In other words, it isn't a question of "passing the buck," but rather a matter of questioning whether any genuine "buck" exists.

Scientific Testing?

Another important issue to remember here is this: Not being able to validate a given NLP-related technique does not prove that either (a) the particular technique is invalid, nor that (b) the FoNLP as a whole is invalid.  As all genuine scientists know, even in the most rigorous, and appropriate scientific experiments the results do not prove that the hypothesis is true or false - they demonstrate a level of probability that the hypothesis being tested is true or false.
If we bear this simple rule in mind it is immediately clear that the majority of NLP critics - those who claim that NLP has been "disproved", "falsified", etc. - are not only making inaccurate claims; they are also demonstrating a profound lack of understanding as to the inherent boundaries of scientific testing.

The Importance of Modelling

As explain above, NLP itself is actually a specific modelling technique - capturing the elements of how a particular person carries out a specific function to create a model that can be used by the modeller, and possibly taught to other people.  (By implication, then, NLP is primarily designed for modelling the behaviour of people who have some outstanding skill or talent which other people might want to duplicate.)

So, if you wanted to help people to become really effective estate agents (realtors), you would not, from an NLP perspective, waste time sitting them round a table and getting them to imagine what qualities it might be useful to have in that job.  Rather you would either model a top estate agent and teach the model to your students, or you would teach them how to model and then put them in a position where they could "shadow" a top realtor for themselves.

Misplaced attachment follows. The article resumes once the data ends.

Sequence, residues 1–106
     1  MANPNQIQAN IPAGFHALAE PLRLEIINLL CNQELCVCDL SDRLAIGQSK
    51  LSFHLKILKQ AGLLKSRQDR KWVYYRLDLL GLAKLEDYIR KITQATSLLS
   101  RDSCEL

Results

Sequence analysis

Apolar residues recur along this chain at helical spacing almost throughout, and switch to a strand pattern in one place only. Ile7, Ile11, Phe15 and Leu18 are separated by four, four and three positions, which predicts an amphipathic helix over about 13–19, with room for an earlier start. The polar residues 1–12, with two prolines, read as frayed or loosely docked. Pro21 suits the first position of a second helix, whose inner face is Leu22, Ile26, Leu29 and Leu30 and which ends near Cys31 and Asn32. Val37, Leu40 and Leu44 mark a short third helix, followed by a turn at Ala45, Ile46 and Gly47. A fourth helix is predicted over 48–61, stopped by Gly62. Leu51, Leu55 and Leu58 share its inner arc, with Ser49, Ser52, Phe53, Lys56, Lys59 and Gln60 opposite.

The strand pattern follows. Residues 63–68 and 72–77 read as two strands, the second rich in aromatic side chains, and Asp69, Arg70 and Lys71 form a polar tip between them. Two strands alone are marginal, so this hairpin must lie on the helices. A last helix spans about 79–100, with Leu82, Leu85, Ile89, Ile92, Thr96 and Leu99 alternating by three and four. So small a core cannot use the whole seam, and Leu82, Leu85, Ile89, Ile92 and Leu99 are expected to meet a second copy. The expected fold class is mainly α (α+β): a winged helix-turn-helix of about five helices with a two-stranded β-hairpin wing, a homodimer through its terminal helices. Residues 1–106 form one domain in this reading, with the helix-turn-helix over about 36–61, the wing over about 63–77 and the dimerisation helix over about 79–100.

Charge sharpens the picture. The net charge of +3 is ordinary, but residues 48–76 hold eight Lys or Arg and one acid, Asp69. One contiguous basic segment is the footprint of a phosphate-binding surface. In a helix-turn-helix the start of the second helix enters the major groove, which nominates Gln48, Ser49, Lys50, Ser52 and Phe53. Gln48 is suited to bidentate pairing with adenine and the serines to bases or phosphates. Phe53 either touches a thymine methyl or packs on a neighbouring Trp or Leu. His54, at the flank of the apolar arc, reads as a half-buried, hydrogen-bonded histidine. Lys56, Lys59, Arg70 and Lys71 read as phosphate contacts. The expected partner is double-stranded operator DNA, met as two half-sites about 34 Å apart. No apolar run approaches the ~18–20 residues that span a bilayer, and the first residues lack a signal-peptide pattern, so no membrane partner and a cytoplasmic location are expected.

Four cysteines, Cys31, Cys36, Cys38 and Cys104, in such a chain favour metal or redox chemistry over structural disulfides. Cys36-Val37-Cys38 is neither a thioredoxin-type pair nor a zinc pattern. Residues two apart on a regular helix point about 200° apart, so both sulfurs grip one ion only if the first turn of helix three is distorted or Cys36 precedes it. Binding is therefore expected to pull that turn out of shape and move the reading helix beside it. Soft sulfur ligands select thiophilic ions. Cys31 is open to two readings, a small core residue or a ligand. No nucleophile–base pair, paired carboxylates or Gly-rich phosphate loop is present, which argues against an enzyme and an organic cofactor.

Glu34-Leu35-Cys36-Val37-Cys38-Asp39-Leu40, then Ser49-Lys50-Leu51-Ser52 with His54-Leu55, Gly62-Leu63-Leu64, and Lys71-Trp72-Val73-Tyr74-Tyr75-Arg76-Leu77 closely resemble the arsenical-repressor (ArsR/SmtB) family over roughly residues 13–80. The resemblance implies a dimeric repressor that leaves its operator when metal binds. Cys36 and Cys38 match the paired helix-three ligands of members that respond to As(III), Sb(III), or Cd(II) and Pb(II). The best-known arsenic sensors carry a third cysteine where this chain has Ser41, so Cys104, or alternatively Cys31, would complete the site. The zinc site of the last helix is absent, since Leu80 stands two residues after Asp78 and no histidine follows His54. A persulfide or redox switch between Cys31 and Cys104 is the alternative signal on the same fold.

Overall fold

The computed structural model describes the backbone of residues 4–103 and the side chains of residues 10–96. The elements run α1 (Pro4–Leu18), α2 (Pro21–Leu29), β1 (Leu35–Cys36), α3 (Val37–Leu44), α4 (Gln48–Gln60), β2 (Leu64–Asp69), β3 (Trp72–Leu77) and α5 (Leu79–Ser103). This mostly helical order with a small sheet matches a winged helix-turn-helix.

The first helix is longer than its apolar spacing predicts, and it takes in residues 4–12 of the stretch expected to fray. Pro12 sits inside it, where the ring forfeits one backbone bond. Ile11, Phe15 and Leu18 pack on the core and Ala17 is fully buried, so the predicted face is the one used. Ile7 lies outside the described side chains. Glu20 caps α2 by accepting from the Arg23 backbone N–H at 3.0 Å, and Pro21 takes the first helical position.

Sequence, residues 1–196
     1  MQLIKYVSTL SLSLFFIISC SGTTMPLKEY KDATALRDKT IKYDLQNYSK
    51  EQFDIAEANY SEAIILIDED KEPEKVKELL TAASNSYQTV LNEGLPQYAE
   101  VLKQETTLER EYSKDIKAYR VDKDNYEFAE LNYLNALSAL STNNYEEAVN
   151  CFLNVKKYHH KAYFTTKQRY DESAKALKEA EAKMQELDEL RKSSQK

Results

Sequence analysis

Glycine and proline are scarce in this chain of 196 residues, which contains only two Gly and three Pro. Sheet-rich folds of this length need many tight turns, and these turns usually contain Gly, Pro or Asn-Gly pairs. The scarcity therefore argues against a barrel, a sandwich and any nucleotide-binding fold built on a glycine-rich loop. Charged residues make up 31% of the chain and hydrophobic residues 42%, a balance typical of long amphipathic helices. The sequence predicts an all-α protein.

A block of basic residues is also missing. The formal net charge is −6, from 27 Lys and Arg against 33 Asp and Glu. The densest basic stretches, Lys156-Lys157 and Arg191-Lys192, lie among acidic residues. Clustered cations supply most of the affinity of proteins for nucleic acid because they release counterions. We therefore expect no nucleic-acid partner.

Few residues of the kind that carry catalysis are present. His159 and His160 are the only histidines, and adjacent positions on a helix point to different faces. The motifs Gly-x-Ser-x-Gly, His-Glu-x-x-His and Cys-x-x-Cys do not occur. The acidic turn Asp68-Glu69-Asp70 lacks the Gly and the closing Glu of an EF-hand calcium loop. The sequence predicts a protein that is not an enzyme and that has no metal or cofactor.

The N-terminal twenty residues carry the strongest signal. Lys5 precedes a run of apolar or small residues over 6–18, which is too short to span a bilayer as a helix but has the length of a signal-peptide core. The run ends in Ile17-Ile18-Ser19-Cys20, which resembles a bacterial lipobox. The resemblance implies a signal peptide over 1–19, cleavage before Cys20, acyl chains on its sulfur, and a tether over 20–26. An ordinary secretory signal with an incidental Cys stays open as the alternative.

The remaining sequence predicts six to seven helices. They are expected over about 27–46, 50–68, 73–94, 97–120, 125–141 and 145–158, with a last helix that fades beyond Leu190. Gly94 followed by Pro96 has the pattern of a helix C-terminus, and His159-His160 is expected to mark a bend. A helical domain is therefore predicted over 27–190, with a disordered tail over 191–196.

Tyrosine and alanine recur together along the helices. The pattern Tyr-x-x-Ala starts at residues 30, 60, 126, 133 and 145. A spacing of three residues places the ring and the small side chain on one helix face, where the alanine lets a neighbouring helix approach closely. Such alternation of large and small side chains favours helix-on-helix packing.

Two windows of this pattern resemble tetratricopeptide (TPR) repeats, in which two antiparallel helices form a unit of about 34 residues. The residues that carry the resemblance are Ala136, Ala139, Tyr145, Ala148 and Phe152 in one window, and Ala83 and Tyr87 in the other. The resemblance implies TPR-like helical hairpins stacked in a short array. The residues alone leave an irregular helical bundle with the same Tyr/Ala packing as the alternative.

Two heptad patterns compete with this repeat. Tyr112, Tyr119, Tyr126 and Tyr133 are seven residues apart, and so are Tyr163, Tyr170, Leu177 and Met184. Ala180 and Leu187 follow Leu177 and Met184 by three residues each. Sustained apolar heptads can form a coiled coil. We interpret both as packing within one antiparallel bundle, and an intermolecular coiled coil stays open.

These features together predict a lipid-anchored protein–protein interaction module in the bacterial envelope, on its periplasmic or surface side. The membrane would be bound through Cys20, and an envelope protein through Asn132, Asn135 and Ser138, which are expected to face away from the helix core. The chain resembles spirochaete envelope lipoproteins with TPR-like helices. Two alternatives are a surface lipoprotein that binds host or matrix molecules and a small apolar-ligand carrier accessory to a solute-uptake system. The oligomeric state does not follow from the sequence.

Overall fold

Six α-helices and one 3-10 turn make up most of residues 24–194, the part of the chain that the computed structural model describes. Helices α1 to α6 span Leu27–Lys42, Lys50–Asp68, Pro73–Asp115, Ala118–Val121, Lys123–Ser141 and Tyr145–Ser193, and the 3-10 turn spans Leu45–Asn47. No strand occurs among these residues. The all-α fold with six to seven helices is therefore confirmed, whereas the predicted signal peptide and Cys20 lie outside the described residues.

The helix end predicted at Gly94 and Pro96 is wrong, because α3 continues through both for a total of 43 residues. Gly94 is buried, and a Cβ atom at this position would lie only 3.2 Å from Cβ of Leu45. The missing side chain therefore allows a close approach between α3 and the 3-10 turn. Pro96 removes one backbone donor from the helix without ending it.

That is "genuine" NLP, as distinct from techniques which someone thinks ought to work, or might work if the wind is blowing from East Nor East and there's an "X" in the month, etc.
So the answer to "how does NLP work" is: By allowing people to develop an indepth perception (not necessarily a conscious perception) of how a genuine expert in some skill does whatever it is they do.

Everything else - virtually everything that most people think of as NLP - is a collection of techniques, methods and applications which can be used in the modelling process - and many other contexts.
Although closely associated with NLP, none of these elements are NLP; because any one of them could be discarded without changing or affecting NLP (modelling) itself.

In the end, short of trying to analyse NLP and every one of the NLP-related techniques, then, the answers to the two questions are the answers given at the end of the "Quick Answers" section:

  • "Does NLP work?"
    Yes, both NLP (the modelling technique) and the NLP-related techniques do work, though it is important to select and implement the appropriate technique for use in any particular situation.  Moreover, since no technique can be guaranteed to work for every situation, in every context, with every client, for every practitioner, it is important to be flexible in seeking alternative approaches if necessary.
    To paraphrase an old saying: If at first you don't succeed, try, try again - with something different.  
  • "How does NLP work?"
    Authentic NLP and the authentic NLP-related techniques work because they are based on real life behaviour rather than on theories derived from (usually) unrealistic experiments.  That is to say, they are techniques used by, or based on the behaviour of, people judged by their peers to be excellent in some skill.

In a nutshell: We know that the authentic FoNLP techniques work because, if they hadn't already been observed at work they wouldn't have been included in the FoNLP in the first place.
The qualification is that we cannot be sure, in advance, that any particular technique will work in any particular contexts.
Or as someone once said about the uncertain nature of real life: If you want a guarantee, buy a toaster.